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A family checks in for an American Airlines flight at Chicago's O'Hare International Airport (Getty Images)

House Votes To End Full-Fare Rule For Airline Tickets

Jul 28, 2014

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The House voted Monday to allow airlines to advertise lower prices for their routes.

The Transparent Airfares Act, which was approved with minimal debate, would overturn a 2012 rule that requires airlines to post the full price of tickets, including taxes and fees.

Shoppers are smart enough to figure out the price of an airline ticket without federal regulation, said Oregon Democrat Peter DeFazio, a bill cosponsor.

"Talk about the nanny state," he said. "Give me a break. What do they think, Americans are idiots?"

Consumer groups oppose the legislation. Prior to implementation of the rule, airlines would often "hide" the cost of taxes and fees in small print in advertising or down at the bottom of Web pages.

That gave the impression you could fly for a lot less than the actual total cost.

"Before the full-fare rule went into effect, it wasn't uncommon to find an attractive ticket price — say, $299 for a transatlantic flight — but once taxes, fuel surcharges and other fees were added, the total fare came to $899," notes travel writer Christopher Elliott in The Washington Post. "That price was revealed only at the end of the booking process, frustrating passengers."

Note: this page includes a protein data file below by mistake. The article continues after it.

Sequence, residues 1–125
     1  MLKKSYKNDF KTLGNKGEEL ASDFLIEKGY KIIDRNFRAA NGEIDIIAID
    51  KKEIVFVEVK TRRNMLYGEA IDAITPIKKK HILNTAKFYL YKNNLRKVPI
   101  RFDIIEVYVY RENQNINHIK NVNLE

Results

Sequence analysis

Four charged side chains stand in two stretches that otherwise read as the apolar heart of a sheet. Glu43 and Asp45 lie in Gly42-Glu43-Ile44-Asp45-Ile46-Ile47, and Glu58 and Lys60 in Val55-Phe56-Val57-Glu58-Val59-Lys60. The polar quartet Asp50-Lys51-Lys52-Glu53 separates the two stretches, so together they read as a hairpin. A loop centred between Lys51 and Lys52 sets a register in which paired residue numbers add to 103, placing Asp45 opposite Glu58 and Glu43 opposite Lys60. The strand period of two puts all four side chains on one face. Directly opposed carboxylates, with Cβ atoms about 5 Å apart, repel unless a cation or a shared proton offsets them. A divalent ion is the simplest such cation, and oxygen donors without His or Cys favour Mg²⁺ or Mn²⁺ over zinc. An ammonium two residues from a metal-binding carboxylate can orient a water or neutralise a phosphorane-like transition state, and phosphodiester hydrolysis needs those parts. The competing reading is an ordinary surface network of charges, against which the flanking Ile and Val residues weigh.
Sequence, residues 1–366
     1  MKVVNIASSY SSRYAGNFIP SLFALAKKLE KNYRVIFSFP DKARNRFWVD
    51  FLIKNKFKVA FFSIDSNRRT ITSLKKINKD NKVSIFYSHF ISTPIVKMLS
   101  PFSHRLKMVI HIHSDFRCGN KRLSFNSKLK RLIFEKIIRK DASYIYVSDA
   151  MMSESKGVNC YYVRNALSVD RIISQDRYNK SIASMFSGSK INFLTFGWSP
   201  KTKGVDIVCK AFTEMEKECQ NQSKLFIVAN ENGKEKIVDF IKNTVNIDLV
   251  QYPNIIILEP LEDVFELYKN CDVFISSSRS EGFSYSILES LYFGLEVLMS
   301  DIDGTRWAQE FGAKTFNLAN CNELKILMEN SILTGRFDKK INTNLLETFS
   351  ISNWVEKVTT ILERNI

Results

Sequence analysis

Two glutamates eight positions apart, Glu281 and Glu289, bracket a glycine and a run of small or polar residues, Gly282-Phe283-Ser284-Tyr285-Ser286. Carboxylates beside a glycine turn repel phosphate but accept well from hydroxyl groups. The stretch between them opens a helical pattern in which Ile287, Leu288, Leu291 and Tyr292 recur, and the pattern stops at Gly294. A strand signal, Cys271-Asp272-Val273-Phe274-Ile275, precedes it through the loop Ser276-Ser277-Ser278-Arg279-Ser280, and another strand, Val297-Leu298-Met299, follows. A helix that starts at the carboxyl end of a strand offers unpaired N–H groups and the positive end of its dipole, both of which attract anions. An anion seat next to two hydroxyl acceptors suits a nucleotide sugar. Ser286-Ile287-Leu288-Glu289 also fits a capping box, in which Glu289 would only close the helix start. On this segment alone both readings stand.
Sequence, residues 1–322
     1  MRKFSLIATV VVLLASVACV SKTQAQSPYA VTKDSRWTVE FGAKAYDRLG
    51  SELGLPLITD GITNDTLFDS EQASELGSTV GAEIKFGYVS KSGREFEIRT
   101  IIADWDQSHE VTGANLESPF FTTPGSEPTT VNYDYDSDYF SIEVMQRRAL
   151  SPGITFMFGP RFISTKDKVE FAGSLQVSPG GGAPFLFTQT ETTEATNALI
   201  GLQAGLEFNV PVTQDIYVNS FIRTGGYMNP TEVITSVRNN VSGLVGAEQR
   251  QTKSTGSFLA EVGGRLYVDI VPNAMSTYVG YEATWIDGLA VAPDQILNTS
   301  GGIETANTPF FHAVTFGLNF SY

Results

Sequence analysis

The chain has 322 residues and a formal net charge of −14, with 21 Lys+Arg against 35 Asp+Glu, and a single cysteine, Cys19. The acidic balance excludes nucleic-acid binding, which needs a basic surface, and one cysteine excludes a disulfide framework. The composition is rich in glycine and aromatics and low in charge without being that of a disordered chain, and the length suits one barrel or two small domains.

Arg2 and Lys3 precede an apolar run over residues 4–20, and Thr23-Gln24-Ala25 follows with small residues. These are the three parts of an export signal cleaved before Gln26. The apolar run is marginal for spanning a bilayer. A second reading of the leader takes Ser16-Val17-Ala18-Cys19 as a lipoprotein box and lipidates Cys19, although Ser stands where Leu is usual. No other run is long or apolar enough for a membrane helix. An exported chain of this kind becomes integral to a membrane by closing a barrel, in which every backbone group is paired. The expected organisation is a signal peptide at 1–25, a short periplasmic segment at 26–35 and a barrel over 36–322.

Despite quick action, it's not clear that the bill — which is supported by the airline industry and transportation unions — will have much life in the Senate.

New Jersey Democratic Sen. Bob Menendez has introduced what he calls the Real Transparency in Airfares Act, which would double maximum penalties to $55,000 per day for airlines and major ticket sellers that don't post the full fare.

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A family checks in for an American Airlines flight at Chicago's O'Hare International Airport (Getty Images)

International Court Rules Against Russia In $50 Billion Decision

Jul 28, 2014 (All Things Considered)

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Russia says it will appeal an unfavorable decision by a court in The Hague. The Permanent Court of Arbitration awarded $50 billion to shareholders of the defunct Yukos oil company. Russia seized the company in 2003 and put owner Mikhail Khodorkovsky in jail on tax and fraud charges.

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Enrique's Journey ( )

Tales Of Immigration Explore Modern-Day Odysseys And 'Hyphenated Identities'

by Bilal Qureshi
Jul 28, 2014 (All Things Considered)

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For many writers, the migrant's journey is a storytellers' dream. The transition from one part of the world to another is filled with anticipation, conflict and inherent literary drama. While trains and planes become the mundane means of transportation for most travelers, those trips can herald life-changing transformations for a migrant remaking his or her life through that journey.